Tell The History Of Now
The Cavalier Daily
Serving the University community since 1890

SEQUEIRA: A new way to cut textbook costs

Open source textbooks are key in decreasing financial burden imposed on students

With the end of syllabus week, most students have already spent several hundred dollars on bulky textbooks for their new classes. Coupled with the cost of tuition, living accommodation fees and food expenses, the often exorbitant prices associated with textbooks seem like the final straws that break the camel’s back. In a technologically savvy age, it’s time that we bring open sourcing to textbooks so that everyone can have access to course materials and can channel their fiscal resources to more immediate needs.

According to recent research, the average textbook cost has risen 1,041 percent since 1977. With the average college student in the United States spending as much as $1,200 on textbooks throughout their college career, textbook companies must be stopped or, at least, significantly hindered from continuing such a trend. However, NBC believes that the trend will continue — especially since universities and schools require students to purchase textbooks. With high demand, companies which manufacture textbooks have no incentive to cut costs or provide subsidies. Instead, they are driven to increase the price tag since students are “captive consumers,” in that they are essentially required to purchase all textbooks mandated by the instructor.

For some students, the soaring costs of textbooks mean employing a frugal approach to deciding which classes they should take each semester. What results is a limit as to which classes financially-strained students can take — a phenomenon that is not right and desperately needs to be amended. However, even if students are not deterred from enrolling in the class, studies demonstrate that more and more students are simply opting not to purchase the textbook and instead search for an online version of the required textbook. While the latter option does not explicitly seem deleterious, online textbooks may not always be the correct version nor accurate representations of their physical counterpart.

According to multiple students and parents, open source textbooks could be the solution to the rising costs of physical textbooks as well as to the “barriers of entry” that these costs impose. Open source was originally intended for software developers to make coding sets visible and amenable by anyone with a computer and an internet connection. In this way, any software developer from any part of the world could work on the same set of code. This dramatically revolutionized the way burgeoning software developers could learn from and contribute to the trade.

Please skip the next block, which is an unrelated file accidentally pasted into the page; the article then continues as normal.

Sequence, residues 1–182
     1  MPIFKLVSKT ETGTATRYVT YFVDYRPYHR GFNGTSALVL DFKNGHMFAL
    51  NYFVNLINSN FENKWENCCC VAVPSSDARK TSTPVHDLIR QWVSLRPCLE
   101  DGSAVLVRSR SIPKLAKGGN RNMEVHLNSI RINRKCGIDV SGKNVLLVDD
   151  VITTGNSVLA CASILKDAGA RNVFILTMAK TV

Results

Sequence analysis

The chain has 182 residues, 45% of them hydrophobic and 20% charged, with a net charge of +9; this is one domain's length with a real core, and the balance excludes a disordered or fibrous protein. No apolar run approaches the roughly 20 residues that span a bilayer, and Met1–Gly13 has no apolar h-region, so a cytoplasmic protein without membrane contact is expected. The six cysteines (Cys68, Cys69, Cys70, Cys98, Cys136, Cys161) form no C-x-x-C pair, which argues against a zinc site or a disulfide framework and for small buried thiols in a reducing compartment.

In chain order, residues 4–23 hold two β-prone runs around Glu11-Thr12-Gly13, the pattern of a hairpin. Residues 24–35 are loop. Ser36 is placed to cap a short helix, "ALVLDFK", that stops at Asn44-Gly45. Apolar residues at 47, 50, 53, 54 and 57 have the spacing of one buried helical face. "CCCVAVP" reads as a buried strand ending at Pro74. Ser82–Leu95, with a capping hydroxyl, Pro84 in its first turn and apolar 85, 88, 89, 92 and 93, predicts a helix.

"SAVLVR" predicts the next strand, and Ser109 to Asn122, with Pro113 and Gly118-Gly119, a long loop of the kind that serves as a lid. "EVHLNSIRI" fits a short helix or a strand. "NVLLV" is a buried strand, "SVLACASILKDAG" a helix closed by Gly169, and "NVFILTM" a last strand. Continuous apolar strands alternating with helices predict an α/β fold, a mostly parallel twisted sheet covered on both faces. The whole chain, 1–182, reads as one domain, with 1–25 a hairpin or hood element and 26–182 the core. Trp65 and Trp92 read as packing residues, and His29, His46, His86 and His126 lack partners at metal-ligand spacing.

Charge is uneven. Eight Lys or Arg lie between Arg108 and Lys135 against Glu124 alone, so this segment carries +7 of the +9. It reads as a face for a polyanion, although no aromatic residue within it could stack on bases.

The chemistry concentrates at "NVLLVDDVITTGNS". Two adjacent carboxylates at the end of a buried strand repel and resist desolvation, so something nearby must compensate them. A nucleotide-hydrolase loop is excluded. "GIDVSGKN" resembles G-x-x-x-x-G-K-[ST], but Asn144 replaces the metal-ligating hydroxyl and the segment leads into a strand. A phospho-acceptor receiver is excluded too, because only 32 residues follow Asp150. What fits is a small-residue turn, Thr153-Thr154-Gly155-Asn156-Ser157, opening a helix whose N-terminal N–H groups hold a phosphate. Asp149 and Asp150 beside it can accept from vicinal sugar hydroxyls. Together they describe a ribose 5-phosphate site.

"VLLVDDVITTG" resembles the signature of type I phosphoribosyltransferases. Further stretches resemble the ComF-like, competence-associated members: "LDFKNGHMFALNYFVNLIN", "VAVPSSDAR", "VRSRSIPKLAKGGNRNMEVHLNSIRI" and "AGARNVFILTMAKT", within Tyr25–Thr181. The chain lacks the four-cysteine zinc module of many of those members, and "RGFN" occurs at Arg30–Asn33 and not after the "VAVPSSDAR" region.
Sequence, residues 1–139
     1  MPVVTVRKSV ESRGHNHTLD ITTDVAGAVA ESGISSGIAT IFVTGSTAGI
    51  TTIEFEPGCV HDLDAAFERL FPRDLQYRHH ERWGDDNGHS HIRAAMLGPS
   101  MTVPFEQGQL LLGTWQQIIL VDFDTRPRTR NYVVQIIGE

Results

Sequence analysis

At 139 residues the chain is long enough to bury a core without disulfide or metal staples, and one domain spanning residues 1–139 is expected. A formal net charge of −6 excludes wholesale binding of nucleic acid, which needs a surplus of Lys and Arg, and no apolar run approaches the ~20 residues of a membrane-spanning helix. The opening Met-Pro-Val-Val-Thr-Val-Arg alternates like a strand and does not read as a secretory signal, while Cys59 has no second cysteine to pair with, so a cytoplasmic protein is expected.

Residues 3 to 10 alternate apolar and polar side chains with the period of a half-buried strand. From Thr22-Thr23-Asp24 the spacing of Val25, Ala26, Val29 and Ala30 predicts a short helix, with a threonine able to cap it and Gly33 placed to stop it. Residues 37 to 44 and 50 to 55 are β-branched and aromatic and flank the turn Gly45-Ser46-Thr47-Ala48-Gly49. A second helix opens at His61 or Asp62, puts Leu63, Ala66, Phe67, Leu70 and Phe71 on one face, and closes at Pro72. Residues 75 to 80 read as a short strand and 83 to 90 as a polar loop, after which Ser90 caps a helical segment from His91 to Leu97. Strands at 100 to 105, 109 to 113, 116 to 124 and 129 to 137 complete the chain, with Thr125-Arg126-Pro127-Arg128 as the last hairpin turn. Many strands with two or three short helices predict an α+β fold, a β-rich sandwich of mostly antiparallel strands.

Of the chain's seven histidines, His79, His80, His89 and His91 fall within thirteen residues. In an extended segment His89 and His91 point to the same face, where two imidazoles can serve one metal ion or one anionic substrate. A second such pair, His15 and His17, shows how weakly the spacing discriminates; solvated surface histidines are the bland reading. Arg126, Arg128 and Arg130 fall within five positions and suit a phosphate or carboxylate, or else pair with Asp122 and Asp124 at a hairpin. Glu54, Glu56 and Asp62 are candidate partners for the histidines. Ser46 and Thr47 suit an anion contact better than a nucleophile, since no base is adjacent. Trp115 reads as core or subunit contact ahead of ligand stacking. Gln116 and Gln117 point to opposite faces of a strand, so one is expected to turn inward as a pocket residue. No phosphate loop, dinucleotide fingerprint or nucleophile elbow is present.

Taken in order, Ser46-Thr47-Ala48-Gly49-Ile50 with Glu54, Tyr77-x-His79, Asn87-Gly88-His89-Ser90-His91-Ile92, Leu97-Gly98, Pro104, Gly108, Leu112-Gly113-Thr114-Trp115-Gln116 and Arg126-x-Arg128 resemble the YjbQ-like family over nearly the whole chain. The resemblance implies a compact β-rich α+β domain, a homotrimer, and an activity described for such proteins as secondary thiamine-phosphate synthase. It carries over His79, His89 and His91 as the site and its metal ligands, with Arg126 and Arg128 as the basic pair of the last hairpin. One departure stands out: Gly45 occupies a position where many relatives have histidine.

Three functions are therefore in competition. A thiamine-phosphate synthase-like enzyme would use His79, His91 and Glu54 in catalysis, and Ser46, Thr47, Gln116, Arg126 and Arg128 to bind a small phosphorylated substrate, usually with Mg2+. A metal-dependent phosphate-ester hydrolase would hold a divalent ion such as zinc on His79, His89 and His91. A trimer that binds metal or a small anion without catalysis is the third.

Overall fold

Applying the concept of open source to textbooks would solve most problems associated with high textbook costs. Open source textbooks are created under an open license, meaning they can be acquired electronically and are much more available to students with a budget. Because many instructors already base the sequence of their course around the required textbook, the introduction and mainstream utilization of open source textbooks would cause little to no inconvenience to professors.

Openstax, a non-profit that produces peer-reviewed and reputable online textbooks, claims to have saved over 700,000 students $66 million with open source textbooks. Furthermore, college students could save an average of $128 per course with open source books. And yet, OpenStax and other similar organizations seem to suffer fiscally, especially when tasked with new initiatives to bring more open source textbooks to more students throughout the globe.

It is time for policymakers and academia to help catalyze open source textbook growth as well as assuage the fiscal difficulties that non-profits like OpenStax deal with. With such support, all students can find solace in the acquisition of knowledge rather than becoming consumed with anxiety about whether or not they can afford their insurmountably expensive textbooks.

Sean Sequeira is an Opinion columnist for the Cavalier Daily. He can be reached at